As I’ve blogged about in prior posts, Strings is designed to help teams get from a legacy infrastructure mindset to a consistent configuration deployment or partially cloud aware mindset. Advanced teams that are fully cloud-aware and are practicing full stack DevOps are managing everything from their virtual infrastructure to their product code as a unit, with no distinction between code and infrastructure. Such teams are likely too mature for Strings.
Many cloud-aware teams prefer to host their stack on ephemeral environments like Amazon Web Services. The AWS philosophy is all about treating virtual servers as dynamic, disposable components in a wider application context. So much so that Amazon’s CTO has said that “An EC2 instance is not a server-it’s a building block.”
AWS already has a lot of the services that we built Strings on top of, like Amazon Directory Service for LDAP, Route 53 for an external and internal DNS, OpsWorks for Chef, CloudFormation for blueprints, and so on.
The Rackspace Cloud, by comparison, has historically targeted a different, but no less important, market segment: more legacy oriented teams that (at least when first moving into the cloud) have tended to treat servers somewhat like pets. They typically name each server, give it a unique configuration and strive to keep it up-and-running. Rackspace started out as a dedicated hosting company, after all.
But despite Rackspace’s introduction of OpenStack services like Heat (which is basically CloudFormation for OpenStack) and Cloud DNS, it can still be a challenge, depending on the skills you have available, to formulate a scalable and reliable platform on Rackspace-only services. Rackspace doesn’t yet have an equivalent configuration management type service to AWS OpsWorks, for example.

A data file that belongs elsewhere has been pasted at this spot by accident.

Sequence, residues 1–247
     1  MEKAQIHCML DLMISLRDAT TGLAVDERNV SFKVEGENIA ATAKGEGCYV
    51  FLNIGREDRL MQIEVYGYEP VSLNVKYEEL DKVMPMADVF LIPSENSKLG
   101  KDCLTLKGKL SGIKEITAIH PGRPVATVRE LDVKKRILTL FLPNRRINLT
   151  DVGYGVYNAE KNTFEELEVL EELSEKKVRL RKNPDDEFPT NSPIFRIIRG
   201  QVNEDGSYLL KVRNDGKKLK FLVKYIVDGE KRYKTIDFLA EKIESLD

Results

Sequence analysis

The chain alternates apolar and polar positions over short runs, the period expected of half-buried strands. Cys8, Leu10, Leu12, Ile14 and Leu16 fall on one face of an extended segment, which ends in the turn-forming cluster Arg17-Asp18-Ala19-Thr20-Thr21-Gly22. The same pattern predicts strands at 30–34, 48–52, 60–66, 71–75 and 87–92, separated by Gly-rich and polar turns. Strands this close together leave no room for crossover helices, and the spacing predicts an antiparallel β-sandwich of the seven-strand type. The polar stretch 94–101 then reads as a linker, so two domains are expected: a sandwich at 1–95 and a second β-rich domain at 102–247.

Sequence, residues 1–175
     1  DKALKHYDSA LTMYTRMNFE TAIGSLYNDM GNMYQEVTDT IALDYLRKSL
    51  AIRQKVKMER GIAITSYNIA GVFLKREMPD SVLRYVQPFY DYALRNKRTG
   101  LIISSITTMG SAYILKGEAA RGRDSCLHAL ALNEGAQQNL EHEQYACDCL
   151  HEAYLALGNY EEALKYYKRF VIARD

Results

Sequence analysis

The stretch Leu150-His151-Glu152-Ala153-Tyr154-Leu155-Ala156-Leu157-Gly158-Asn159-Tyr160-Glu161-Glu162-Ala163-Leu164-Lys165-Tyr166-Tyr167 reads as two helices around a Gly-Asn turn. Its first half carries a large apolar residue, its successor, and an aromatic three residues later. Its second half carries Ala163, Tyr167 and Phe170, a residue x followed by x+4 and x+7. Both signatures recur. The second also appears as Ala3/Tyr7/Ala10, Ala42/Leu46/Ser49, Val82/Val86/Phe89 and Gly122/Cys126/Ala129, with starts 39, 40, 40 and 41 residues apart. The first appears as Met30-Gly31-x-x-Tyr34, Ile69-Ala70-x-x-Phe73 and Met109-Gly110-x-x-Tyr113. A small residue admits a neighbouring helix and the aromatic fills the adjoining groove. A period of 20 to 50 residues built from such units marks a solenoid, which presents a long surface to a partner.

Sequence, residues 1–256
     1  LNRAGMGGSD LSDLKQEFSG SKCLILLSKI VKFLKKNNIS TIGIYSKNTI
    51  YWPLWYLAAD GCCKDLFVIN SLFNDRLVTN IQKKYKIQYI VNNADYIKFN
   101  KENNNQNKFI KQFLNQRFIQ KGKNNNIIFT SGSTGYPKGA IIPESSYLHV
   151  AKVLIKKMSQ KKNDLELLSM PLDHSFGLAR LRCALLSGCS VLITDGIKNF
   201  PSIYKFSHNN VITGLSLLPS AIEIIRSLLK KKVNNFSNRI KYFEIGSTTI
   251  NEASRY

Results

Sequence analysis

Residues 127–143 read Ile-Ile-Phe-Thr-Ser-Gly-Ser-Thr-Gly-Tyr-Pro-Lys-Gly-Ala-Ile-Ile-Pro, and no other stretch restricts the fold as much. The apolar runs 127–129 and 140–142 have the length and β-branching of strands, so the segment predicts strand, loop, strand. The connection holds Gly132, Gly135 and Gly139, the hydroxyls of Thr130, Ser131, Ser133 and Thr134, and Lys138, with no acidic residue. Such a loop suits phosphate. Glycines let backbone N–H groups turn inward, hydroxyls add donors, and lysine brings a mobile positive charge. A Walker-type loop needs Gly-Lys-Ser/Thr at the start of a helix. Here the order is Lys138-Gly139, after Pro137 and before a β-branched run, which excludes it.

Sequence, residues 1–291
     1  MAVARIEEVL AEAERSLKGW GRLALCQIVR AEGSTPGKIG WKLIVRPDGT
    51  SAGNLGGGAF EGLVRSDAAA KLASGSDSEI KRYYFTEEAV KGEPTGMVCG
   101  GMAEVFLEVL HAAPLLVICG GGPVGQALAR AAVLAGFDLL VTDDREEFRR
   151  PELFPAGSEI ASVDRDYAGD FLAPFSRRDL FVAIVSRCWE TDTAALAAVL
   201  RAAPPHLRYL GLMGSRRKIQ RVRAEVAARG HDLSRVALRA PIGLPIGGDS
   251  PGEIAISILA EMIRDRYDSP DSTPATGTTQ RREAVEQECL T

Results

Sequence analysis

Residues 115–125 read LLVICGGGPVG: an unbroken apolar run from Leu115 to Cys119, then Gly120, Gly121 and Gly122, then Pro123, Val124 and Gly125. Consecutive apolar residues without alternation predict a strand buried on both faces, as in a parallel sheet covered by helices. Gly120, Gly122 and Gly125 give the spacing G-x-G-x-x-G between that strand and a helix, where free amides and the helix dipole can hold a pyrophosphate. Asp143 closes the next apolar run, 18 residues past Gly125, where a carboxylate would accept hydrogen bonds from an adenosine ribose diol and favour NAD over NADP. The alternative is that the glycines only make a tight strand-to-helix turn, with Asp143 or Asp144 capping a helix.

This is why our Bitlancer Strings Puppet-as-a-Service offering is a no-brainer for Rackspace Managed Cloud customers-Strings provides centralized authentication, automated formations and application deployment. Strings consumes Rackspace services wherever possible, and also fills in the gaps where Rackspace doesn’t have service to consume. In particular, Strings saves teams from the stress and strain of DIY configuration management with Puppet and similar tools.
Bitlancer can certainly create Strings-like experiences for our clients that want to use the Amazon services that Strings can consume. Likewise, we can help our more legacy-minded clients make the transition to full-stack DevOps.
But the real sweet spot for Strings is in the hands of those many teams that are looking to get past the manual intervention stage to automate the management of cloud servers and configurations and really start deriving serious value from utility computing.
UPDATE: Bitlancer Strings is now open source. For more information, visit Strings Documentation on Github.